Dems honor Carolyn McCarthy in Woodbury

Congresswoman Carolyn McCarthy sits with Speaker Nancy Pelosi

Congresswoman Carolyn McCarthy sits with Speaker Nancy Pelosi as Nassau Democrats pay tribute to her on March 31, 2014. (Credit: Howard Schnapp)

Rep. Carolyn McCarthy roused a crowd of prominent Democrats Monday night by announcing that doctors have declared her free of the cancer she has fought for the past year.

"I just want to say that when people grumble about government spending, a lot of that money goes into medical research," to fight cancer, McCarthy (D-Mineola) said from a stage at the Crest Hollow Country Club in Woodbury, where the Nassau Democratic Committee honored her at its annual spring fundraiser.

McCarthy, 70, who announced in January that she wouldn't seek a 10th term representing the county's 4th Congressional District, then told the 1,100 people in attendance that, in light of all the tributes, she would run again. "April Fool's," she added quickly, to laughter.


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A series of top Democrats, including House Minority Leader Nancy Pelosi and Rep. Steve Israel, of Huntington, the chairman of the Democratic Congressional Campaign Committee, had celebrated McCarthy during an hour-plus ceremony.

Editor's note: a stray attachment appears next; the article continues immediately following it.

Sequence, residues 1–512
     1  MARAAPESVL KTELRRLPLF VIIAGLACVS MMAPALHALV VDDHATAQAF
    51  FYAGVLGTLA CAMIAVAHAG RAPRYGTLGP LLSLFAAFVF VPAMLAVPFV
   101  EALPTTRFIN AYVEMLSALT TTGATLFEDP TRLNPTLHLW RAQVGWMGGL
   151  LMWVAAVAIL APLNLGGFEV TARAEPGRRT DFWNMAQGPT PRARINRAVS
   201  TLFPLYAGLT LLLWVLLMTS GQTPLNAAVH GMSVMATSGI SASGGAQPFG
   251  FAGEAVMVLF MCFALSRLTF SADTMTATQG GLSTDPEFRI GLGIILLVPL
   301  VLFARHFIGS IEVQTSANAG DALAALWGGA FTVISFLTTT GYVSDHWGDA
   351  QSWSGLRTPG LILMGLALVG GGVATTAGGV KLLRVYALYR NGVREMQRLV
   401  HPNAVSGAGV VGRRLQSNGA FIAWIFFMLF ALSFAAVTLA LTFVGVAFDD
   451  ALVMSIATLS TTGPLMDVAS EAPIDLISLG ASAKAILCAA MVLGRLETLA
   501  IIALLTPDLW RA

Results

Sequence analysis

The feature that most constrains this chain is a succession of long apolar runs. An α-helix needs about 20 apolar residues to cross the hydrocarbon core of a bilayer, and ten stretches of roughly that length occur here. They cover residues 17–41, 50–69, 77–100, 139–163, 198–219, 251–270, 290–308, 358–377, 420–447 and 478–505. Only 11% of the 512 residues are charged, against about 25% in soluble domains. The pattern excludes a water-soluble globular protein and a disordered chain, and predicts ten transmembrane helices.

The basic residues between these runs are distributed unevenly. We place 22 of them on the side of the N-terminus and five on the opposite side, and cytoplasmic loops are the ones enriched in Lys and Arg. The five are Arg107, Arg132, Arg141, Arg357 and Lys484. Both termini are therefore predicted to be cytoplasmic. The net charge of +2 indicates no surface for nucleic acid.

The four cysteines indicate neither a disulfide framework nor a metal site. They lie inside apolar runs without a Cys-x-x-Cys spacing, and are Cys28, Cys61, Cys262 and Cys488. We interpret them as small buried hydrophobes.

"She came with the strength of a person who had felt pain," said Pelosi, alluding to the 1993 killing of McCarthy's husband and wounding of her son on the Long Island Rail Road. "And in the generosity of her spirit, she wanted to make sure that no other family felt that."

Gov. Andrew M. Cuomo was also scheduled to attend, but remained in Albany as lawmakers worked to approve the state budget. But he called in to pay tribute to McCarthy, calling her "a personal hero."

"She is all about principle and fighting the good fight and she is all about authenticity," said Cuomo, his voice played over the dining room speakers.

The fundraiser -- expected to be Nassau Democrats' biggest of the year -- would likely net more than $500,000, said party chairman Jay Jacobs.

Other state leaders in attendance included Attorney General Eric T. Schneiderman and Comptroller Thomas DiNapoli.

Speakers delivered the typical party rallying cries, but the main focus was McCarthy, who returned to Washington in February for the first time since she began a seven-month leave last year to undergo treatment for lung cancer.

Israel said that if Democrats reclaim the House majority, they will take up the gun control measures that have been McCarthy's signature causes.

"She may not be able to vote for those bills, but her name will be on every single one of them," Israel said.

McCarthy rose to national prominence by calling for weapons reforms after the LIRR massacre that, in total, killed six and wounded 19.

Since taking office in 1997, McCarthy, a former nurse, has continued to fight for that cause. Just days after returning from her medical leave this year, McCarthy gave a poignant valedictory pep talk to gun-control activists.

Monday night, McCarthy said that she would continue to push gun control, as well as education-based measures, in her remaining months in office.

"I never thought this day was ever going to be," McCarthy said of her pending retirement.

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